'I did not kill,' woman cries as Saudi police publicly behead her

A video of the execution which appeared on YouTube was removed as a violation of the site's policy on "shocking and disgusting content."

Mecca, Saudi Arabia (photo credit: REUTERS)
Mecca, Saudi Arabia
(photo credit: REUTERS)
Police in Saudi Arabia publicly beheaded a woman in Mecca last week, after she was dragged through the street and held down by four police officers.
Laila Bint Abdul Muttalib Basim from Burma was executed by sword on Monday in Islam’s holiest city after being convicted of the sexual abuse and murder of her seven- year-old step-daughter, The Independent reported on Friday.
A video showed how it took three blows to complete the execution, while the woman screamed “I did not kill. I did not kill,” according to the report.
The video, which appeared on YouTube, was removed as a violation of the site’s policy on “shocking and disgusting content.”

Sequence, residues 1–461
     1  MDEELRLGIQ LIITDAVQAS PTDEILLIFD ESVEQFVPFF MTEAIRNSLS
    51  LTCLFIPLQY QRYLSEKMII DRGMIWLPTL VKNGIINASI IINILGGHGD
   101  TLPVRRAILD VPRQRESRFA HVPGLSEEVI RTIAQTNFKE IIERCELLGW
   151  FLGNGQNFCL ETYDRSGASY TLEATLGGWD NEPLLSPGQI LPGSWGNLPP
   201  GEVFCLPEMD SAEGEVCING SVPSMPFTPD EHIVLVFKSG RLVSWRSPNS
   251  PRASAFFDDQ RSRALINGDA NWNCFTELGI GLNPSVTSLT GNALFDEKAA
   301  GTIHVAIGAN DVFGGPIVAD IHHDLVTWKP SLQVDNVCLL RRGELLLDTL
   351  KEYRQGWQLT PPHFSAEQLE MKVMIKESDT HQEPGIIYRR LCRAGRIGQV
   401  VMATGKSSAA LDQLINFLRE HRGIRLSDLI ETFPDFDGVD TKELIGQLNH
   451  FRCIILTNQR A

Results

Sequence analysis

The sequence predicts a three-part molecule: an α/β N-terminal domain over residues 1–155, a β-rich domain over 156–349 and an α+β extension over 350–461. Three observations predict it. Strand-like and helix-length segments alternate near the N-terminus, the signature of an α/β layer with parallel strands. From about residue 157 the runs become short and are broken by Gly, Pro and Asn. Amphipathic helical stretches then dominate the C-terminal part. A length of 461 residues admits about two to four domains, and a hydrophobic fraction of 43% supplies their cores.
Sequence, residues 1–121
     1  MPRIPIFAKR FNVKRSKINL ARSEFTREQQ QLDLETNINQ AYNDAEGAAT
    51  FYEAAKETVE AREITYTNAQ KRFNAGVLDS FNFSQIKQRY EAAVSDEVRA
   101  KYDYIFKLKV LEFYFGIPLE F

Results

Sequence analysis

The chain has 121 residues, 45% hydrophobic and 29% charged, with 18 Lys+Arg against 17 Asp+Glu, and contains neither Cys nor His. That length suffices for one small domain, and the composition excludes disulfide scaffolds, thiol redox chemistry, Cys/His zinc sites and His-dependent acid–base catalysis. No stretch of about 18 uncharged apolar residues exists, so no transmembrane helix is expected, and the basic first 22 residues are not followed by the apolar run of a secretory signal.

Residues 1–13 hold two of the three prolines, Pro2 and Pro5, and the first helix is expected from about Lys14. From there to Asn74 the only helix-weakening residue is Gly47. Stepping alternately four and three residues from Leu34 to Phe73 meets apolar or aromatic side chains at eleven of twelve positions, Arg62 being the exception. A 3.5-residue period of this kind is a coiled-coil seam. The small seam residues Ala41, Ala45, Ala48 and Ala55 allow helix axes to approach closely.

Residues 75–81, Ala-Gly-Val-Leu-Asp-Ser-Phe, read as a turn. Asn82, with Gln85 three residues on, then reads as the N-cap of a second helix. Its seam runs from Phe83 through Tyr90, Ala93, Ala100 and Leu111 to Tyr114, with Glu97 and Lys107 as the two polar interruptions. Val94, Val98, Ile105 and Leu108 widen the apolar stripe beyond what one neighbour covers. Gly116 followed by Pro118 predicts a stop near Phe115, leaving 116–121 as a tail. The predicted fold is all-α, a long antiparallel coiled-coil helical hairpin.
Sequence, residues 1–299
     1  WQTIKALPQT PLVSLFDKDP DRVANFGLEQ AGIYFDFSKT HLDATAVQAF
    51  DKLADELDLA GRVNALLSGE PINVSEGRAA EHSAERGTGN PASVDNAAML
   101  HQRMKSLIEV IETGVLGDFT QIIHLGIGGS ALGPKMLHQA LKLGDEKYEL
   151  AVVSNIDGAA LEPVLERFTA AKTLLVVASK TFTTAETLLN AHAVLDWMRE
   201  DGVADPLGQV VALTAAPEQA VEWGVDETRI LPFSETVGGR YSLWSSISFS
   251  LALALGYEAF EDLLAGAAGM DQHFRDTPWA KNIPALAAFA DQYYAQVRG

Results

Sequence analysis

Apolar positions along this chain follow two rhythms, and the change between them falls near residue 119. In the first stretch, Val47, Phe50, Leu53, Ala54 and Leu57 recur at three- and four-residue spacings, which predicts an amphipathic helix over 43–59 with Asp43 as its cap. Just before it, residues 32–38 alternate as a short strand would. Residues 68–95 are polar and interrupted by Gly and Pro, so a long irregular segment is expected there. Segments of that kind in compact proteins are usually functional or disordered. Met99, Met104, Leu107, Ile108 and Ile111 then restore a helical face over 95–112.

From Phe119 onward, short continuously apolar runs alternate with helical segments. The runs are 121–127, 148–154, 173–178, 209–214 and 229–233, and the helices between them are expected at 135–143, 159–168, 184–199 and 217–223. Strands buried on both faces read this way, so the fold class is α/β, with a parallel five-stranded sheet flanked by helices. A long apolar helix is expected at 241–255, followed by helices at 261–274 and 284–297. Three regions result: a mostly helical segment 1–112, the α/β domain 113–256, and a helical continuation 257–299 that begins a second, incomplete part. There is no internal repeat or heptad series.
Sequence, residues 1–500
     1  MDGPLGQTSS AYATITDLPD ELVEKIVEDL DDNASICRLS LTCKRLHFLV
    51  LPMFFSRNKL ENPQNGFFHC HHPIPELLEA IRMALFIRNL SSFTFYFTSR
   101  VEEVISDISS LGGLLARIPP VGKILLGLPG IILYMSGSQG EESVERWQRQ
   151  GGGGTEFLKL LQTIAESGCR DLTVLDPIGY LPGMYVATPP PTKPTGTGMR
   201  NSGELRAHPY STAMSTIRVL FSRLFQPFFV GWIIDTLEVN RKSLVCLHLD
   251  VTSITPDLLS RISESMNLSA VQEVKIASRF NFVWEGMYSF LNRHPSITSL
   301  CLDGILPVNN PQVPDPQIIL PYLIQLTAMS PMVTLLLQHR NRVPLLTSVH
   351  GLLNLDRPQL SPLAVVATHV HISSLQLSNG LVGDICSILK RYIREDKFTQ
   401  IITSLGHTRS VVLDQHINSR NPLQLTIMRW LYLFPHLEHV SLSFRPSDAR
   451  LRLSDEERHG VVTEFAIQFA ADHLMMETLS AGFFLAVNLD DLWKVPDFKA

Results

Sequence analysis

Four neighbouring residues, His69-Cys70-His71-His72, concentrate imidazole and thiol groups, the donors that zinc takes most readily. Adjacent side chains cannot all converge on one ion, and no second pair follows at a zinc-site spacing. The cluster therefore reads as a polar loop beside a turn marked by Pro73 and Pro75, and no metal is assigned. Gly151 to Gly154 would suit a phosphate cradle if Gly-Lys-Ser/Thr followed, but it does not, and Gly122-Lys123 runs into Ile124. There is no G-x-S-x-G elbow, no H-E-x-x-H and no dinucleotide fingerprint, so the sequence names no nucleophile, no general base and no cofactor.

In a statement released on their official website, the Saudi Ministry of Interior said that the death penalty in the Burmese woman’s case was warranted due to the “enormity of the crime,” and was carried out to “restore security” and “realize justice.”
“[The punishment] implements the rulings of God against all those who attack innocents and spill their blood. The government warns all those who are seduced into committing similar crimes that the rightful punishment is their fate,” the statement said.
Rape, murder, apostasy, armed robbery, and drug trafficking are punishable by death under Saudi Arabia’s law, which carried out the death penalty against 87 people last year, up from 78 in 2013, according to an AFP tally.